ARBITRARINESS: One U.S. Attorney in Upstate New York Stands Out in Seeking Federal Death Penalty

The U.S. Attorney for Western New York has filed more potential federal death penalty cases than most of his colleagues across the country.  Since taking office in March 2010, William J. Hochul, Jr. has petitioned the Justice Department to seek the death penalty against 24 people, more than his counterparts in cities like Los Angeles, Chicago, Detroit, Miami or cities in Texas.  Only two other federal prosecutors, both from more populous districts than Western New York, have filed as many death cases with Attorney General Eric Holder in the past 2 years.  None of Hochul's cases has yet resulted in a capital trial, much less a death sentence, but they have cost taxpayers more than $661,000 just in the past year.  This expenditure is more than the combined amount spent by the area's four previous U.S. attorneys on death penalty-eligible cases over the previous 11 years.  Kevin McNally, who heads the Federal Death Penalty Resource Counsel Project said, "I seriously doubt whether any of [Hochul's] defendants will actually face the death penalty at trial."  The Department of Justice spends an estimated $86 million a year on federal death penalty cases.  Since the reinstatement of the federal death penalty in 1988, three defendants have been executed.  David Kaczynzki, a member of New Yorkers for Alternatives to the Death Penalty, said,  "I do not see how even the staunchest supporter of the death penalty could argue that these prosecutions are an efficient use of taxpayer money."

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EDITORIALS: Indiana's Death Penalty "Too Costly and Applied Unfairly"

In a recent editorial in the Fort Wayne, Indiana, Journal Gazette, the paper welcomed the proposal by the state's Attorney General to reconsider the death penalty in light of its enormous costs.  At a Criminal Justice Summit held at the University of Notre Dame, Indiana Attorney General Greg Zoeller asked state officials to look at the death penalty from a practical perspective. He cited a recent capital trial in Warrick County that cost $500,000 in defense attorney fees alone. “The costs can’t be borne by smaller counties," the paper quoted Zoeller as saying.   "[S]o if the crime occurs in a large county you might be charged with the death penalty, in a smaller county you’re not. That raises some significant questions about fairness.”  The paper noted that most of the high costs cannot be avoided: "[D]eath penalty cases demand the strictest set of protections and safeguards to make sure the conviction and sentence are correct and appropriate. New DNA evidence exonerating a killer can free a prisoner serving a life sentence; it can’t help someone who has been executed," and concluded, "The death penalty is too costly and applied too unfairly. Life without the possibility of parole is the appropriate penalty – and far less costly to taxpayers."  Read full editorial below.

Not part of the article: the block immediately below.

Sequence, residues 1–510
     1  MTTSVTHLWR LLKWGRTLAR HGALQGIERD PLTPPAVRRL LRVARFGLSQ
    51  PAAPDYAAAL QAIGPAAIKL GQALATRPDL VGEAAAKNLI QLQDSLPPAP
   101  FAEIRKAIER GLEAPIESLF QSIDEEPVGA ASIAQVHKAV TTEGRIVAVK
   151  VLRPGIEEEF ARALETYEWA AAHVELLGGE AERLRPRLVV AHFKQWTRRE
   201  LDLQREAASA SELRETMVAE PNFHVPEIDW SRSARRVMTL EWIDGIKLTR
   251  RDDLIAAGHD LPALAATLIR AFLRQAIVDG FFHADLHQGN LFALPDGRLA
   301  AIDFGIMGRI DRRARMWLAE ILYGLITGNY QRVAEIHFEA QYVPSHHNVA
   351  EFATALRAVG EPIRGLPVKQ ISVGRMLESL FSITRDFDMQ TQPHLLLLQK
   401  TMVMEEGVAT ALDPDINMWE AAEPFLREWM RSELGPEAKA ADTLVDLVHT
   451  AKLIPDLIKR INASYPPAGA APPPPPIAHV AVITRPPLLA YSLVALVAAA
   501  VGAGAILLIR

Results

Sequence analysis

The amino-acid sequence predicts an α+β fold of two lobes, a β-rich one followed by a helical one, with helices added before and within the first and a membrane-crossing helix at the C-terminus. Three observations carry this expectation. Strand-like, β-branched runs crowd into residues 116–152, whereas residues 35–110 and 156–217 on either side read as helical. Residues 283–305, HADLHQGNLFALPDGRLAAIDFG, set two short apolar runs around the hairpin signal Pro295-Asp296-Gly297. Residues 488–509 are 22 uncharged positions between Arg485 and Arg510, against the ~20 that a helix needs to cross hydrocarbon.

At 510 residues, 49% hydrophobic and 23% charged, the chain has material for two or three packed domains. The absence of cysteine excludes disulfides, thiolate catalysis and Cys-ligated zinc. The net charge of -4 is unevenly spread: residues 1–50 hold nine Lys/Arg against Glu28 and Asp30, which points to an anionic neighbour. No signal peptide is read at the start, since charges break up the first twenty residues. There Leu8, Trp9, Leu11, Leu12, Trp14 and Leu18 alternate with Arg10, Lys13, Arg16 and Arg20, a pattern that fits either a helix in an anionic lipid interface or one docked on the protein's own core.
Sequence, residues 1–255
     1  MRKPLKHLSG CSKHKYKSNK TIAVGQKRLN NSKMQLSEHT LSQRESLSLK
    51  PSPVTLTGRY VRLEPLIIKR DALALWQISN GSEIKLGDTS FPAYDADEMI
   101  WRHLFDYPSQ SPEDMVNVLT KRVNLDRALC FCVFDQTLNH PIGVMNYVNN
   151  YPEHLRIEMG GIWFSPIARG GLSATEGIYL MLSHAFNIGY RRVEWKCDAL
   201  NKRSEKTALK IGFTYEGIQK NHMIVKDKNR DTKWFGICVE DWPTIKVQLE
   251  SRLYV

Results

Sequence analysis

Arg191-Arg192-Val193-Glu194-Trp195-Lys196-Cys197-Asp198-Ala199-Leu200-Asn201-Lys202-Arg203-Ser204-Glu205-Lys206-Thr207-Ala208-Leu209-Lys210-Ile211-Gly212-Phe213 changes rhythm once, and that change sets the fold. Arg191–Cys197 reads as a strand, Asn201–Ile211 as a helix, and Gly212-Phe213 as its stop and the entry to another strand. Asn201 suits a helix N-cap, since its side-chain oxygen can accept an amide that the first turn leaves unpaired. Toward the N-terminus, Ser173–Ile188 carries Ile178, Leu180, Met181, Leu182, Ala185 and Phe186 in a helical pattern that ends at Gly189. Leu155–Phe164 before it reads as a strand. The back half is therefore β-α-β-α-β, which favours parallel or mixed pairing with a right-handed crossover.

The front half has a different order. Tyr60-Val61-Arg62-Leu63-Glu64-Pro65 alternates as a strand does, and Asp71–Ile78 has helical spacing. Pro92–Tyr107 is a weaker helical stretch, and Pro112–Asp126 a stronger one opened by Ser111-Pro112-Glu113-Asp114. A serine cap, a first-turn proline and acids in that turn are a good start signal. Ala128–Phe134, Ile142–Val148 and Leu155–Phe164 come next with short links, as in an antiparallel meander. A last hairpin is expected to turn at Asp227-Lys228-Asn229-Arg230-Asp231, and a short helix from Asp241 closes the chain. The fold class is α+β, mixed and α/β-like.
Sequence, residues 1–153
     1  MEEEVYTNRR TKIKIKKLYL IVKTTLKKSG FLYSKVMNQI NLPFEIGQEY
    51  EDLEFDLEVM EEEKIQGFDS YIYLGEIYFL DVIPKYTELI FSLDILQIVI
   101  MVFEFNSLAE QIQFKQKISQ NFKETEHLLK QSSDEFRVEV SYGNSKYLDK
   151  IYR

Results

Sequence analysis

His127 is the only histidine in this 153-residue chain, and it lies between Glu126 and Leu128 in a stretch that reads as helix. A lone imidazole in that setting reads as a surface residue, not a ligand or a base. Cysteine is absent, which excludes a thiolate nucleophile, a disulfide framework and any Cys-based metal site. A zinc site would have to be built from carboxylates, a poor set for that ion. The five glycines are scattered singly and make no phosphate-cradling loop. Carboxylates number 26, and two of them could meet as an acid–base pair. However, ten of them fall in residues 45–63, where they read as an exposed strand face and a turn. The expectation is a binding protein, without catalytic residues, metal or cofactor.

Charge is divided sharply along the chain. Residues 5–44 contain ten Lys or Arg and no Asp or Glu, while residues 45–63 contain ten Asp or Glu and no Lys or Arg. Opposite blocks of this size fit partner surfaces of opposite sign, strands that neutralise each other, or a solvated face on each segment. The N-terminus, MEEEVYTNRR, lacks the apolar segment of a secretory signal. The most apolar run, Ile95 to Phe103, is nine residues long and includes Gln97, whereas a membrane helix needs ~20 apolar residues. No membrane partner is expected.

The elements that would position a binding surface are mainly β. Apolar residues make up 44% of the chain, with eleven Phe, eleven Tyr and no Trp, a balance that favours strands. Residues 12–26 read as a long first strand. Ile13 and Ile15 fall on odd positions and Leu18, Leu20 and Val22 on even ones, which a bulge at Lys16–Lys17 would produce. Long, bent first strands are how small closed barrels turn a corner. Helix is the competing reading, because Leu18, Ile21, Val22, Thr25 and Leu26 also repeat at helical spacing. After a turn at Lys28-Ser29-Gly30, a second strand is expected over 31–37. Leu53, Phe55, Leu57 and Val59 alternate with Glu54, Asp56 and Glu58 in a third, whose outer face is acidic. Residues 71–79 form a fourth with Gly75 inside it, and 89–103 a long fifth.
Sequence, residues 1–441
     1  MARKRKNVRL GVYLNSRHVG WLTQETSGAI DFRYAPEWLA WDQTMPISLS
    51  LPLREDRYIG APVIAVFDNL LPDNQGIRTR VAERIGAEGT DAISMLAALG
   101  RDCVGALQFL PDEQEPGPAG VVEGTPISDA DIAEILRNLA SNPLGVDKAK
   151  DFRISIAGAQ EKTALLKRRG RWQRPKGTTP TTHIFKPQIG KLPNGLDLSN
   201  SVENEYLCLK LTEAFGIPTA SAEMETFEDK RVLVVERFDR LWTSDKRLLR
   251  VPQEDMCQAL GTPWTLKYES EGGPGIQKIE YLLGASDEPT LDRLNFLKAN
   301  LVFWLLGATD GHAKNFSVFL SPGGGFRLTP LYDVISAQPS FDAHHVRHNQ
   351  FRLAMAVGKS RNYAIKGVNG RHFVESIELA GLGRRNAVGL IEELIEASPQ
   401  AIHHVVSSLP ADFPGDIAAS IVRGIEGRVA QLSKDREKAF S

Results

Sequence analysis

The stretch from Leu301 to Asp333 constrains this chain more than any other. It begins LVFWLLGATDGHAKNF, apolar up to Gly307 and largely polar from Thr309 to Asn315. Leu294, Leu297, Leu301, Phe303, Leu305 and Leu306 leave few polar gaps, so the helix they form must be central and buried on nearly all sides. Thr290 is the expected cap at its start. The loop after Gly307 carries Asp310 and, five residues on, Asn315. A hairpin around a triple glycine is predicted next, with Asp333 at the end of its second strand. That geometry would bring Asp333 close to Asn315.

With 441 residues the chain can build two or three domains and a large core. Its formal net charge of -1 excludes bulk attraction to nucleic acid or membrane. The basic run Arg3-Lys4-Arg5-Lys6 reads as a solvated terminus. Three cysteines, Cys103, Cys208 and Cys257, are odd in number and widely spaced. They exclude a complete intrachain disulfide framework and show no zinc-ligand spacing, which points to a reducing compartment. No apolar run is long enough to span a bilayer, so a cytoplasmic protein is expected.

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STUDIES II: Pennsylvania's Death Penalty System in Need of "Immediate Reform"

A recent review of death penalty cases in Pennsylvania conducted by the Philadelphia Inquirer (see earlier DPIC post) has revealed a pattern of ineffective assistance of counsel leading to extensive delays and reversals of death sentences.  When the cases are litigated a second time, now with more competent representation, they frequently do not result in a death sentence.  Prosecutors have called the system a great disservice to victims' families.  Edward McCann, the first assistant district attorney in Philadelphia, said, "The length of time is unconscionable.  To have to make phone calls to people 20 years after the fact and tell them: 'By the way, you know that death sentence you thought was final 20 years ago? We've got to talk to you about that.' I think it's unconscionable to put people through that."  And yet, according to the Inquirer's study, "lawyers found to have provided ineffective assistance of counsel are routinely appointed to new cases," and some even become judges.  Moreover, "deficient legal work extends to appellate cases, where the very lawyers hired to correct the errors of others themselves prove ineffective." Appellate lawyers have filed legal challenges that cite little or no case law, and have grammatical errors.  Some appellate lawyers missed key filing deadlines or failed to appear for court hearings. Jack McMahon, a former homicide prosecutor and now a defense lawyer, pointed to the low pay for attorneys in capital cases as the source of the problem: "The government gives people a constitutional right to an attorney, but by lowering the [lawyers'] fees to pauper's level, they have severely hindered that right," he said. "To me, that's inexcusable, particularly in a homicide case, where the government is either seeking to kill you or put you in jail for the rest of your natural life." Pennsylvania Supreme Court Justice Thomas G. Saylor (pictured) called the legal work in some cases emblematic of the "unconscionable delay, disarray, and inconsistencies" in death-penalty appeals and called "for immediate reform."